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Warts & all – Part 2

Woman washing hands with antiseptic disinfectant. Beautiful drop of liquid antiseptic falling to the hand palm

Written By

Shaheen Aumeer-Donovan
Philip Aumeer-Donovan

See bottom of page for author information

Posted 1st July 2023

As featured in the Mulgoa Valley District Gazette

Please see our June editorial for Part 1 of our discussion on wart treatments!*

2. Wart paints

Once a wart has been diagnosed, you can commence home treatments with wart paints (available from the chemist). These work by burning the warty tissue with acid to provoke the immune response. It is important to follow the instructions (they normally require daily applications), and mask the area around the lesion with Vaseline, nail polish, or sports tape to avoid burning healthy skin. A podiatrist should monitor the progress every 1-2 weeks to ensure no issues are occurring. This can be a good option for stand-alone lesions, but it can be difficult to treat mosaic warts without burning the healthy skin around the virus.

3. Cryotherapy & acid treatments

In clinic, we can provide either cryotherapy or acid treatments. Cryotherapy works by applying a chemical that freezes the lesion to produce an immune response, while acid treatments work similarly to wart paints but we can use stronger chemicals. These are usually done weekly, with home treatments using wart paints done in between.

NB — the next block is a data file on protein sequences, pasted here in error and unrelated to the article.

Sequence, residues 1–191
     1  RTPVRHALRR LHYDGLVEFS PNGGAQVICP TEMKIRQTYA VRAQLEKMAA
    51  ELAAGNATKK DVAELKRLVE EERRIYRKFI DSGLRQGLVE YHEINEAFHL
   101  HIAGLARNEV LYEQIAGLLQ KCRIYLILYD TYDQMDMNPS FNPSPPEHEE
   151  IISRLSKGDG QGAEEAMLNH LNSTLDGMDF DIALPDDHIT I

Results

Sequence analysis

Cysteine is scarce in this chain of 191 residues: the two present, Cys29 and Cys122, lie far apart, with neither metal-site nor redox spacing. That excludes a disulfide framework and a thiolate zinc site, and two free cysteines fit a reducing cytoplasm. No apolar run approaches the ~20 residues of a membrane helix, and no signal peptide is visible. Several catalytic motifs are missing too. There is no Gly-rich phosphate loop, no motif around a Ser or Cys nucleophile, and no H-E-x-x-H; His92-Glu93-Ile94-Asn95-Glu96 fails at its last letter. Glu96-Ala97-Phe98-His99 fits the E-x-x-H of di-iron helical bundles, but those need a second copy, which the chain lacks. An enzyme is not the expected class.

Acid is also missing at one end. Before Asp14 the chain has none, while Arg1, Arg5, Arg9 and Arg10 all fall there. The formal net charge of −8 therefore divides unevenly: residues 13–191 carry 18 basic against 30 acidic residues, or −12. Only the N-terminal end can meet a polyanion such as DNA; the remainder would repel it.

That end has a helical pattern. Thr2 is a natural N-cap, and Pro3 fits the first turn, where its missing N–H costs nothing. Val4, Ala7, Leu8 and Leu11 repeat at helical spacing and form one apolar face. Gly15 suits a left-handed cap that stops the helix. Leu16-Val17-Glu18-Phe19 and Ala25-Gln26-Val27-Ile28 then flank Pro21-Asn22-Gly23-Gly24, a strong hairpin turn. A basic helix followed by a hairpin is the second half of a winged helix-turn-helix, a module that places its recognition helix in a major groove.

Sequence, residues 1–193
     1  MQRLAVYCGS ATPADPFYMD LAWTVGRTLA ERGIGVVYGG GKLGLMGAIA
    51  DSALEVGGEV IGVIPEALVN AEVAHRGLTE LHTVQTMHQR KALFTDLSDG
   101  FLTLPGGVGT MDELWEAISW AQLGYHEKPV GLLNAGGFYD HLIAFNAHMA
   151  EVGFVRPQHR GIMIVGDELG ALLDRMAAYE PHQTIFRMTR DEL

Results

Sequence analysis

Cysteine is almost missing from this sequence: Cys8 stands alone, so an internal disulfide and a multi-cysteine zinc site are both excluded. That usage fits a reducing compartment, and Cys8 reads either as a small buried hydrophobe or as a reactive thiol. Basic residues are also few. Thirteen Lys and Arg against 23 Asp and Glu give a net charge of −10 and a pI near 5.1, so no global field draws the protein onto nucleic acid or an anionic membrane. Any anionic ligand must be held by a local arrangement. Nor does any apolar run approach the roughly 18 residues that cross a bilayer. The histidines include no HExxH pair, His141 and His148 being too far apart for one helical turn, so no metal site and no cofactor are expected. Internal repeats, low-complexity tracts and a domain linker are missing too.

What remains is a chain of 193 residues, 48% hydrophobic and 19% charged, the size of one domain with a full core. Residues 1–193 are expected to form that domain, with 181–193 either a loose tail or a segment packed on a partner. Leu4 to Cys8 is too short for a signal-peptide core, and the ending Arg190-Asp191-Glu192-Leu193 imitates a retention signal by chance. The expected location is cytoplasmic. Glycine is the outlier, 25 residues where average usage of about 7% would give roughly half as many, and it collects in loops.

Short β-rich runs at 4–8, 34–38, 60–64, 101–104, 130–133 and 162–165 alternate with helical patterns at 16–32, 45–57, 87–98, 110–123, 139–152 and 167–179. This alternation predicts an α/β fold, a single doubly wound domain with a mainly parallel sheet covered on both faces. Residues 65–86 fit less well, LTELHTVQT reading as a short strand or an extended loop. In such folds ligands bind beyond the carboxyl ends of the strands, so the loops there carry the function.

4. SWIFT

SWIFT is the current gold standard for wart treatment. It uses microwave technology to provoke the body’s immune system. The treatment itself can be uncomfortable – it is sometimes described like a rubber band snap or a hot sensation, although it doesn’t actually burn the skin – but treatment is only required monthly with no at-home treatment in between, and many of the lesions resolve within 1-2 treatments. We have had great success with long-standing and extensive warty tissue with SWIFT treatment. These may require a lot more treatments to completely resolve, but we often find that pain relief is achieved after 1-2 treatments. Success with this method is around 85%, which is a lot higher than other methods, likely because it penetrates deeper and doesn’t require ongoing daily treatment that can be a difficult commitment to maintain.

5. Curettage

Curettage is when the lesion is cut out of the foot. This can be an option for stand-alone lesions but it comes with the general risks of surgery and there is a high risk of scar tissue forming that can cause new issues. It is also not guaranteed that all the wart will be killed (since it is a virus), or that re-infection won’t occur. We highly recommend that patience and persistence with less invasive treatments (which may take a longer time) is a better option in most cases.

* For general information only – a healthcare professional must be seen for tailored advice

If you have any questions, please give us a call, email us, or send us a message – we’ll be happy to chat with you to discuss your needs.

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Authors

Shaheen Aumeer-Donovan

Shaheen is our Practice Manager. She works hard behind the scenes to ensure that the clinics run smoothly, best practices are being followed, and the staff have everything they need to look after the Repairs Afoot family. While a stickler for the paperwork, she’s also a little quirky and loves using her creativity to find new ways to encourage people to look after their feet.

Philip Aumeer-Donovan

Philip is our esteemed Clinical Manager and resident foot-whisperer. He has over 21 years of experience as a podiatrist and has been mentoring new graduates in the profession for over 12 years. He hasn’t met a sore foot he didn’t want to treat, which is why he has strived to build a clinic that can help patients with any kind of foot issue, and is committed to continuing education to ensure he is up-to-date with any new developments that could be beneficial for his patients. It is also why he is believes strongly in sharing his knowledge with the wider community.